But with radicchio, it's really about embracing the bitter, at least to some extent. "It's always gonna be a little bitter," says Selman. "One of the farmers I work with here, he's been selecting for so long to have the littlest amount of bitterness that I don't actually like it. It doesn't taste the way it's supposed to taste, because I like a little bit of that sharp bitterness."

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Recipe: Salt-roasted Yukon Gold Potatoes with Radicchio and Crème Fraîche

Jenn Louis, "The Book of Greens"
Yield: Makes 8 small stuff potatoes

A couple of recipes in this book call for just half a head of radicchio. These cute little potatoes make a great use of that other half. Though tiny, these potatoes are rich, the perfect balance for the bitterness of the radicchio. They are easy and quick to make, and they look really spiffy because of the melted cheese on top. They are the perfect accompaniment to a steak, and they make nice little hors d'oeuvres, too. 

Ingredients

  • 4 tablespoons [60 ml] olive oil
  • 1 head radicchio, halved through the core
  • Kosher salt
  • 8 small Yukon Gold potatoes
  • 1⁄2 cup [120 ml] crème fraîche or sour cream
  • 1 green onion, green and white parts, thinly sliced into rings
  • 1 teaspoon freshly ground black pepper
  • 3 tablespoons finely grated Parmigiano- Reggiano
  • Worcestershire sauce, for drizzling

Method

  1. Preheat the oven to 400°F [200°C].
  2. Heat 3 tablespoons of the olive oil in a large ovenproof sauté pan over medium-high heat. Place the radicchio, cut side down, in the pan and cook until the cut surface is golden and caramelized, 3 to 4 minutes. Using tongs, turn the radicchio over and season lightly with salt. Place the pan in the oven and roast until the radicchio halves are very tender when gently pressed with a finger, 20 to 25 minutes. Remove from the oven and allow to cool.
  3. Place the potatoes in a bowl and toss with the remaining 1 tablespoon olive oil and 1 tablespoon salt. Toss so each potato is well coated with salt. Place the potatoes on a sheet pan and bake until tender, about 30 minutes.
  4. Finely chop half of the roasted and cooled radicchio. Mix in a small bowl with the crème fraîche, green onion, black pepper, and a light sprinkling of salt. The roasted potatoes will be quite salty, so not much is needed for the filling.
  5. Cut an X in the top of each potato and, holding the bottom of each potato with your thumbs and forefingers, press to open each X. Divide the radicchio filling evenly among the potatoes, then top with the Parmigiano-Reggiano.
  6. Place the potatoes on a sheet pan and bake until hot and the cheese is melted and golden, about 15 minutes. Drizzle with Worcestershire and serve immediately.

NOTE: You will have 1⁄2 head radicchio left from this recipe. Eat it as a side dish with steak or use it to make the hand pies on page 95 or substitute for chickweed in arepas (page 85).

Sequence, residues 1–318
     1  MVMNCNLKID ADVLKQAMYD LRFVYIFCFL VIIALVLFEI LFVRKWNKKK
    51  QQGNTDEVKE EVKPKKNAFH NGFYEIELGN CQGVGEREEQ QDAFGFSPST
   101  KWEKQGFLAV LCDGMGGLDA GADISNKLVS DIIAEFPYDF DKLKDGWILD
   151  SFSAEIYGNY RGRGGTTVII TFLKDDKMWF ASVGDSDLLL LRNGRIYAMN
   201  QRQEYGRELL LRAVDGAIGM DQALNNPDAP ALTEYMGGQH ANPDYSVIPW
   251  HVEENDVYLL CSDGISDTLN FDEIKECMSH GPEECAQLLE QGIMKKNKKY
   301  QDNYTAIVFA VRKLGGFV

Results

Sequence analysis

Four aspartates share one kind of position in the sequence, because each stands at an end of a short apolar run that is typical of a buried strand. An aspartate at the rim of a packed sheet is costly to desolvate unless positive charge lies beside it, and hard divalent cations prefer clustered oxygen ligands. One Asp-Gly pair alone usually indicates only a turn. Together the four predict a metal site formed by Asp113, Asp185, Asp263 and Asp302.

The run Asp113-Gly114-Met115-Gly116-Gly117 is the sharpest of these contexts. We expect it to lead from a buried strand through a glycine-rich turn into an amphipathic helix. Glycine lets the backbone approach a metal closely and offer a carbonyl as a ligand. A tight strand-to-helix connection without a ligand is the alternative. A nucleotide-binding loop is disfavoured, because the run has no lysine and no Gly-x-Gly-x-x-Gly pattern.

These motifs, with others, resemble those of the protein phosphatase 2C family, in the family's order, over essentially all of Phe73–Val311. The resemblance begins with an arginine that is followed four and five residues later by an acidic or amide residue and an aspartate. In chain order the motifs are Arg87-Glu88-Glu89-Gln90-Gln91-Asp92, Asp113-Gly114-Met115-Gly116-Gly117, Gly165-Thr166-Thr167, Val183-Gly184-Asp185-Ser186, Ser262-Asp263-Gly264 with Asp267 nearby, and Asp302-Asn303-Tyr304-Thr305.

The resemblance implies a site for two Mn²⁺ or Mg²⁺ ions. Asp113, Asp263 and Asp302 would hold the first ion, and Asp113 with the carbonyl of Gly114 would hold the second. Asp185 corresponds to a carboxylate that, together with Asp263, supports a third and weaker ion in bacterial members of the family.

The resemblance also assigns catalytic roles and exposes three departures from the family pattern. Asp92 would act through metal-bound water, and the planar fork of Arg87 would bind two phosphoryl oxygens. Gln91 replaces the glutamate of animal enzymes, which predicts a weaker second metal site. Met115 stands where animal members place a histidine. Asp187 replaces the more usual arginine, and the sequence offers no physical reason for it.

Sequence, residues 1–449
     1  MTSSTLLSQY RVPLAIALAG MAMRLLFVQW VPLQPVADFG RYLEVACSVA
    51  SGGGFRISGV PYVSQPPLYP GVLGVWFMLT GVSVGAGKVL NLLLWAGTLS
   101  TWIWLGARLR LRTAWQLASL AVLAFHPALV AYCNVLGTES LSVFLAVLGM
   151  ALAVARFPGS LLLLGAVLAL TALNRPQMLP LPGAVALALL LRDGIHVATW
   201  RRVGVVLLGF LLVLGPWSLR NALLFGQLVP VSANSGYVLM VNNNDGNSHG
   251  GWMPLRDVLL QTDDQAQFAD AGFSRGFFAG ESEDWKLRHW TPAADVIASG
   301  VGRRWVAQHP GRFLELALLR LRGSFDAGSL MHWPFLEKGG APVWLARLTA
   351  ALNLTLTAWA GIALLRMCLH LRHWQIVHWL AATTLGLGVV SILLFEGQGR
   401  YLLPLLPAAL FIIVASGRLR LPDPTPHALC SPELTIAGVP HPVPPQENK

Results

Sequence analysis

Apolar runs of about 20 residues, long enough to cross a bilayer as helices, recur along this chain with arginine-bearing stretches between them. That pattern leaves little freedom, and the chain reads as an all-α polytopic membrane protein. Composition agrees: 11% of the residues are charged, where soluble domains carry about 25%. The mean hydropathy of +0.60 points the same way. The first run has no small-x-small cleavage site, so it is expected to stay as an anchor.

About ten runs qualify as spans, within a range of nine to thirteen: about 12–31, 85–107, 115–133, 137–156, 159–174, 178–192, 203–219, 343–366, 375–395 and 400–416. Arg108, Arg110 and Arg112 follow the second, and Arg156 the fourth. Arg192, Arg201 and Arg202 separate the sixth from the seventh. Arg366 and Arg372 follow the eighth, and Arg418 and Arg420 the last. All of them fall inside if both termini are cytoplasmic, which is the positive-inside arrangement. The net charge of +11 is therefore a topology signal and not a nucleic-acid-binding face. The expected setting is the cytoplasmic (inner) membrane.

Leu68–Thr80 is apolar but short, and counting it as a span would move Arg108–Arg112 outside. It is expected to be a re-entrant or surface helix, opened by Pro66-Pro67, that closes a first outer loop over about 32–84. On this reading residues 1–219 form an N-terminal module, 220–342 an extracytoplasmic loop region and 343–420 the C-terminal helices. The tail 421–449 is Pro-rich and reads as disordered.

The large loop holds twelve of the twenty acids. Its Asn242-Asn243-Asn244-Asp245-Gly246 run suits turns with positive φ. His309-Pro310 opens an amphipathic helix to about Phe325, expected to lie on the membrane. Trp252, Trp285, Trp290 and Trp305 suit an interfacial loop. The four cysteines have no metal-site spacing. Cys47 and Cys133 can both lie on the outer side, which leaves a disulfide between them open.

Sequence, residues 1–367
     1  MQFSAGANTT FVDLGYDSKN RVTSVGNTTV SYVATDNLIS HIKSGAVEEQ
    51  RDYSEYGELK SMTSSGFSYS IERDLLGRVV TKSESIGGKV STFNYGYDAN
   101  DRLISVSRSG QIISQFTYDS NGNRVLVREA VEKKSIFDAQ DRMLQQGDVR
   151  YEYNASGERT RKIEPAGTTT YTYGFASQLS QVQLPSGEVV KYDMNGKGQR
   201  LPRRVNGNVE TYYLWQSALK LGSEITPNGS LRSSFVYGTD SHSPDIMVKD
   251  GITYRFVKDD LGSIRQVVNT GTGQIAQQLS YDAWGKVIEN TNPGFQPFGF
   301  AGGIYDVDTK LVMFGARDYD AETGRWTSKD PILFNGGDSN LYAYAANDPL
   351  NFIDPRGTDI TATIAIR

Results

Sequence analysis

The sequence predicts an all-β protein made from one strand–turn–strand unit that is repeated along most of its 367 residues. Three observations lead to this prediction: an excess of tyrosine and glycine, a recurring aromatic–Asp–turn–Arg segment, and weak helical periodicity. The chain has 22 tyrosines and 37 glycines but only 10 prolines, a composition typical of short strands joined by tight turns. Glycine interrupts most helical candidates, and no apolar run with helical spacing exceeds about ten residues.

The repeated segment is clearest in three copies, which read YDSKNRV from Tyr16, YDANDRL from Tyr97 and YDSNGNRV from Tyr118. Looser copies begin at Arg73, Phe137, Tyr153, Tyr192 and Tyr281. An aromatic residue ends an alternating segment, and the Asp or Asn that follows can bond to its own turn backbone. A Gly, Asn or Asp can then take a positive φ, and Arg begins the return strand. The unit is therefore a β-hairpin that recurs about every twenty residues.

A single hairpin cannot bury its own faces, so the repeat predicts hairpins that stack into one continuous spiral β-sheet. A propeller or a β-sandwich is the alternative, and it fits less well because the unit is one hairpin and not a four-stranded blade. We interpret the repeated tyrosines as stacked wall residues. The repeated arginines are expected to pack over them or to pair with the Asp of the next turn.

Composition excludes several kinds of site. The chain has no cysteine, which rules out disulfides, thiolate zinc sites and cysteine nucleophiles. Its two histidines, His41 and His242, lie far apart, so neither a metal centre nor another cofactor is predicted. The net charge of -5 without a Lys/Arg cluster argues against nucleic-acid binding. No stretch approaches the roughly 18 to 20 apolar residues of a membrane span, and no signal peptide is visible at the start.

OTHER GREENS TO TRY frisée, pan di zucchero

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Recipe: Insalata Nostrana

Chef Cathy Whims of Nostrano, Radicchio Zine
Serves 6-8

This is the classic salad that introduced (and then hooked) at least a decade's worth of Portlander's to radicchio. It was created by chef Cathy Whims of Nostrana and is still one of our favorites. It is wonderful with the Rosso di Verona, but any radicchio will do. Try it as a bed for a roast chicken.

Ingredients

  • 2 large heads of radicchio, such as Rossa di Verona
  • 3 cups cubed focaccia bread or crusty country bread
  • 4 tablespoons unsalted butter
  • 1 teaspoon chopped fresh sage
  • 1 teaspoon chopped fresh rosemary
  • 2 cloves garlic
  • 3 tablespoons red wine vinegar
  • 2 tablespoons white wine
  • 2 tablespoons mayonnaise
  • 4 or 5 oil-packed anchovy fillets, finely chopped
  • 1 cup extra virgin olive oil
  • Black pepper
  • 1/2 cup grated Parmigiano-Reggiano cheese

Method

  1. Break apart radicchio into 11/2-inch pieces and soak in ice cold water for at least 30 minutes, but up to 2 hours. Meanwhile, prepare croutons and dressing. Bake the bread cubes in a 375°F oven on a large baking sheet until toasted; about 10 to 15 minutes. Melt the butter in a medium saucepan, add the sage and rosemary, and cook until fragrant. Turn off heat, add croutons, and toss well. Let them cool.
  2. To make the dressing, add the garlic, vinegar, wine, mayonnaise, anchovies, olive oil, and pepper to a food processor or blender and process until emulsified. You could also do in a mortar and pestle with a little more time and elbow grease. Season to taste. When you're ready to serve, drain the radicchio and dry well in a salad spinner. Place the leaves in a large salad bowl and toss to coat with the dressing. Add the croutons and a generous shower a Parmigiano-Reggiano shavings.

Recipe republished courtesy of Lane Selman/Radicchio Zine.


Katherine Sacks